Ed Helms, I completely agree. This is why I devised a list of why Mindy and I should be friends.
1. I share Mindy’s fear of missing out that she talks about in her book “Is Everyone Hanging Out Without Me? (And Other Concerns).” To prevent both of us from ever having this fear again, we could just hang out all the time without worry of other people hanging out without us.
2. We could (pretend to) go to the gym together. In her book, Mindy writes: "If it weren't for my imagination, I would weigh ten thousand pounds. This is because the only way I am able to exercise anymore is through a long and vivid revenge fantasy." Some people spend a lot of time at the gym, and that’s fine, but why not just pretend you went sometimes?
3. I could be the new addition to Subtle Sexuality with Mindy’s “The Office” persona Kelly Kapoor and Erin Hannon, played by actress Ellie Kemper. I have some great Zumba moves that I could contribute to the music videos.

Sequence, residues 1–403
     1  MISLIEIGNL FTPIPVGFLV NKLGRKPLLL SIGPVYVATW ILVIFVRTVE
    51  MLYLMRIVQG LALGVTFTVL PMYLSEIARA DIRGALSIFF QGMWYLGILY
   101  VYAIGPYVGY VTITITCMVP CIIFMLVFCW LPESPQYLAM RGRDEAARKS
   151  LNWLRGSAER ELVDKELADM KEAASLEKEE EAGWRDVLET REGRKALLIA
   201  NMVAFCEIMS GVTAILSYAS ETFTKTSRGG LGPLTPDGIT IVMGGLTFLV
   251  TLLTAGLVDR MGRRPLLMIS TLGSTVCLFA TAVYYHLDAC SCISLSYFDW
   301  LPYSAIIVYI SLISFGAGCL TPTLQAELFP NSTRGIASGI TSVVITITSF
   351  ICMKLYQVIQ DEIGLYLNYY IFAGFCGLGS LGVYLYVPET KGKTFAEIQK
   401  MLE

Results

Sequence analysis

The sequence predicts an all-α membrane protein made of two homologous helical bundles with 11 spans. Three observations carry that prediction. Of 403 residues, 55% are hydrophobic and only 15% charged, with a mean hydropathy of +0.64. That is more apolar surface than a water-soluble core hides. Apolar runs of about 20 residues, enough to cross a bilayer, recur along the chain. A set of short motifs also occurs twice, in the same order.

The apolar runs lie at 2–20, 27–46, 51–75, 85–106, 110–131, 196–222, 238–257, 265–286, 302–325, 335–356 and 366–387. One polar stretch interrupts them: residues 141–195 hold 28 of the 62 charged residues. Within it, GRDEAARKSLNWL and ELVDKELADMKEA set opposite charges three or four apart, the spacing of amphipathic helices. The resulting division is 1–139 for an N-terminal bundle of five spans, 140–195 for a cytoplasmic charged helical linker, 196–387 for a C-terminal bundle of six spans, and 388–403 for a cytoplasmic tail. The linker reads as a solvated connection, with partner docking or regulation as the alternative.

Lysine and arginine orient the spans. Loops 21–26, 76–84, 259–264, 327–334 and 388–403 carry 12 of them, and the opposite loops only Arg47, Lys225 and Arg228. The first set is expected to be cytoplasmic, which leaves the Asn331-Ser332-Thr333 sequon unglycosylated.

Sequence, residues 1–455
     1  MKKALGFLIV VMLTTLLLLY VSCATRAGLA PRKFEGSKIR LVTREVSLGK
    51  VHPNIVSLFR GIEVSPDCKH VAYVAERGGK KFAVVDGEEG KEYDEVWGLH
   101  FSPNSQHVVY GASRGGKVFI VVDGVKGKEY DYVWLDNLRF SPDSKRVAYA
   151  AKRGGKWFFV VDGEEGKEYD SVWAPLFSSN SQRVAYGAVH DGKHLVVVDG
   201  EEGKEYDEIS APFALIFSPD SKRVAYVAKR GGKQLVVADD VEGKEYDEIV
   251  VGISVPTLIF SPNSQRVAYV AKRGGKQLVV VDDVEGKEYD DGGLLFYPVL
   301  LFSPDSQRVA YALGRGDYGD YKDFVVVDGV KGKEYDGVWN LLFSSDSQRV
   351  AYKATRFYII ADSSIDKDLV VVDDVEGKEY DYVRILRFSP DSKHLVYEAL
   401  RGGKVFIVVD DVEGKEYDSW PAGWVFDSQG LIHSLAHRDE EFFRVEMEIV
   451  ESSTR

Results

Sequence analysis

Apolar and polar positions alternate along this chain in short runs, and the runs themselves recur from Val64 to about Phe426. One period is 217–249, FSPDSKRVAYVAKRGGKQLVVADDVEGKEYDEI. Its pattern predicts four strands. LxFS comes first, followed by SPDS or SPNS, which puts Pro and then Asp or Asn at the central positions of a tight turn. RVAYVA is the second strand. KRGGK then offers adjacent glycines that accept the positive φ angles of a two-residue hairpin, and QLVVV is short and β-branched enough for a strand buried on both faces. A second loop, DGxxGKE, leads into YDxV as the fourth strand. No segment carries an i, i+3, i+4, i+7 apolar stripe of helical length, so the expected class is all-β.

4. We could exchange embarrassing baby photos. I’ve seen the picture on the back of the book of Mindy with a bowl cut, glasses and a puppet. My baby photos are equally – if not more – embarrassing than Mindy’s. Bowl cut, chubby cheeks, squinty eyes – I looked like a little Persian boy in a dress.
5. We could eat the Mindy Kaling” burger at Mr. Bartley’s in Harvard Square. Mindy loves Boston and so do I. Plus the items on this burger are pretty mouthwatering – provolone cheese, grilled peppers and a side of sweet potato fries. Yes, please.
So Mindy, if you’re reading this, call me maybe?
Saba Hamedy is a Monitor contributor.
The talent attached along with the positive buzz from early test screenings means that the summer blockbuster is one of the most hyped films of this year. Whereas Bryan Singer chose to pit Superman against his old nemesis Lex Luthor for Superman Returns in 2006, Snyder’s film is an origin story with Kryptonian supervillain General Zod in the antagonist role.